Pound Sterling to Australian Dollar (GBP/AUD) Exchange Rate Hits June High after UK Wages Rise

Pound to Australian Dollar (BGP/AUD) Exchange Rate Rising on UK Jobs Data and Trade Jitters

After showing some surprising resilience against a weakened Pound (GBP) last week, the Australian Dollar’s (AUD) continued weakness has made it easier for the Pound to Australian Dollar (GBP/AUD) exchange rate to advance since markets opened yesterday.

Weakness in both the Pound and Australian Dollar left GBP/AUD movement limited last week, with the pair remaining stuck close to AU$1.82.

This week, however, the GBP/AUD interbank level has risen into the region of AU$1.82 and at the time of writing the pair was trending close to its best levels since the end of May.

Broad Australian Dollar weakness on the back of US-China trade jitters prevented the Pound from falling too much yesterday against the ‘Aussie’, and today the pair is benefitting from some stronger-than-expected UK employment data.

Pound (GBP) Exchange Rates Climb on Resilience in UK Job Market

Following Monday’s concerning UK growth report, the Pound (GBP) was able to rebound more easily from lows today thanks to fresh support from the UK’s latest job market data.

This morning’s employment report showed that not only were more new jobs created than expected, but average earnings rose by more than forecast.

Wage growth including bonuses slowed from 3.3% to 3.1% rather than the expected 3.0%, while the figure excluding bonuses unexpectedly rose to 3.4% rather than slowing from 3.3% to 3.1% as expected.

The news bolstered the Pound’s support and made markets more confident that the UK job market remained solid even amid Brexit uncertainty.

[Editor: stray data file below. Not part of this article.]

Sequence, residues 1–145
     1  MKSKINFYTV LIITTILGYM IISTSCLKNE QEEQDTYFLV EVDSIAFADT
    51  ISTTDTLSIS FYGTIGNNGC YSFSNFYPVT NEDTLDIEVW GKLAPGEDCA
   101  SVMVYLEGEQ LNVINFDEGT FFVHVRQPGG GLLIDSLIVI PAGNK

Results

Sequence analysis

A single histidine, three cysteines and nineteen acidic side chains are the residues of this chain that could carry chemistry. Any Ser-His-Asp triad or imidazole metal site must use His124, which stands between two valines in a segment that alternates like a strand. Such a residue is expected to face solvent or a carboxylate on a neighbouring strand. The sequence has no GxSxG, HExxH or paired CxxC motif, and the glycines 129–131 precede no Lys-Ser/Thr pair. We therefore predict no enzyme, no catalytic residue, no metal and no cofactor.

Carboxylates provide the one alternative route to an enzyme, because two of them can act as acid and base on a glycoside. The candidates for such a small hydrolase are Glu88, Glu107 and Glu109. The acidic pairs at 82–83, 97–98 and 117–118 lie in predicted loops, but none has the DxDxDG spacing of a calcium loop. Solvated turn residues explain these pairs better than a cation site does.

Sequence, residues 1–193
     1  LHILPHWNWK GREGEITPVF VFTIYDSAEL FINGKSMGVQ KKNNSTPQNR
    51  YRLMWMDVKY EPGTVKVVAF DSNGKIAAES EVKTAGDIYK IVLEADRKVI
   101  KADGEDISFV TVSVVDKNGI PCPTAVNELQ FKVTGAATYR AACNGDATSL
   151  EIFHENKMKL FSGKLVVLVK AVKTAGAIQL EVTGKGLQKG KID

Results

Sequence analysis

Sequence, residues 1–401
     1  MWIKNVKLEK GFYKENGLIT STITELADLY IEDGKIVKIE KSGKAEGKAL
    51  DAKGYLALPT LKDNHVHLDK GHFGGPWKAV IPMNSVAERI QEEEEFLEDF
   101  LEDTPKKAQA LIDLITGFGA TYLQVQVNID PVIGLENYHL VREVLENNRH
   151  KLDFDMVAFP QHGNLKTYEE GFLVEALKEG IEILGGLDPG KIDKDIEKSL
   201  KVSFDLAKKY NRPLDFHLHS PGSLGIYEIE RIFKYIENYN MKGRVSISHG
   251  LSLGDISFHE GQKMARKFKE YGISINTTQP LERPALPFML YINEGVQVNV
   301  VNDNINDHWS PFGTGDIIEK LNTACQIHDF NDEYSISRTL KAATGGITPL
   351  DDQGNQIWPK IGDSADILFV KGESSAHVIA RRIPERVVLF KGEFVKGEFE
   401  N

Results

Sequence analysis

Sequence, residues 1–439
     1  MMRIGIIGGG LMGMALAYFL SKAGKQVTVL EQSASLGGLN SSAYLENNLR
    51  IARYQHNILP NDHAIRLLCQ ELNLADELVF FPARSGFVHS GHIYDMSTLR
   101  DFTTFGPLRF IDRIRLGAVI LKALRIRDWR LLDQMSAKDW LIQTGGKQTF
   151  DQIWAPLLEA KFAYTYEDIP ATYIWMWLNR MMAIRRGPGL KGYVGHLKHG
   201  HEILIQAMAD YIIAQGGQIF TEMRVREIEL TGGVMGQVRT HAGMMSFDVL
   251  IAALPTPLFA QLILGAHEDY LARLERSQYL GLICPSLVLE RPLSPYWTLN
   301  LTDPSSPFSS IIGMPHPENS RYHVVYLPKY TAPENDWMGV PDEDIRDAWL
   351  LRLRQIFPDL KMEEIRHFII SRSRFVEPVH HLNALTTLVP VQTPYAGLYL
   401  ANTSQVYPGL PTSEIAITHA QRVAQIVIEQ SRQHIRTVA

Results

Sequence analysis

Still, the Pound’s potential for gains was ultimately limited, with some commentators warning that the job market’s strength was showing signs of weakness. TUC General Secretary Frances O’Grady also argued that wages weren’t rising fast enough:

‘Wage growth is still stuck in the slow lane. Real pay is still lower than it was before the 2008 crisis and this rate of growth won’t restore decent living standards.’

Australian Dollar (AUD) Remains Unappealing as US-China Trade Fears Persist

Despite some fairly solid Australian business confidence data from the NAB this morning, the Australian Dollar (AUD) has seen poor performance this week so far.

AUD movement was mixed last week, as concerning data limited the currency’s appeal but the US Dollar’s (USD) weakness bolstered support.

This week so far, a lack of data has left the Australian Dollar reacting more to strength in the US Dollar (USD) and global trade sentiment.

Australia is a trade reliant nation, particularly with China, so the Australian Dollar is often correlated to sentiment regarding trade, risk, and China’s economy.

While the US Dollar has been recovering on optimism over trade, US-China trade tensions are still flaring up.

Investors are especially anxious of US-China trade relations ahead of an upcoming G20 summit at the end of the month, when US President Donald Trump is expected to meet China’s President Xi Jinping.

Pound to Australian Dollar (GBP/AUD) Exchange Rate Traders Await Australian Data

The Australian Dollar’s (AUD) movement has been driven mostly by trade tensions and sentiment this week, and some notable upcoming data could shift the direction of the currency’s movement if it surprises investors.

Wednesday’s Asian session will see the publication of Westpac’s June consumer confidence index, followed on Thursday by key May job market report.

Australia’s May job market data could be one of the most influential events of the week for the GBP/AUD exchange rate.

Australia’s job market is pivotal to the Reserve Bank of Australia’s economic outlook. If the job data beats expectations, the ‘Aussie’ could strengthen as interest rate cut expectations fall.

On the other hand, poor jobs data would leave AUD even less appealing and the Pound to Australian Dollar (GBP/AUD) exchange rate could continue to climb for the remainder of the week.

Josh Jeffery

Contact Josh Jeffery


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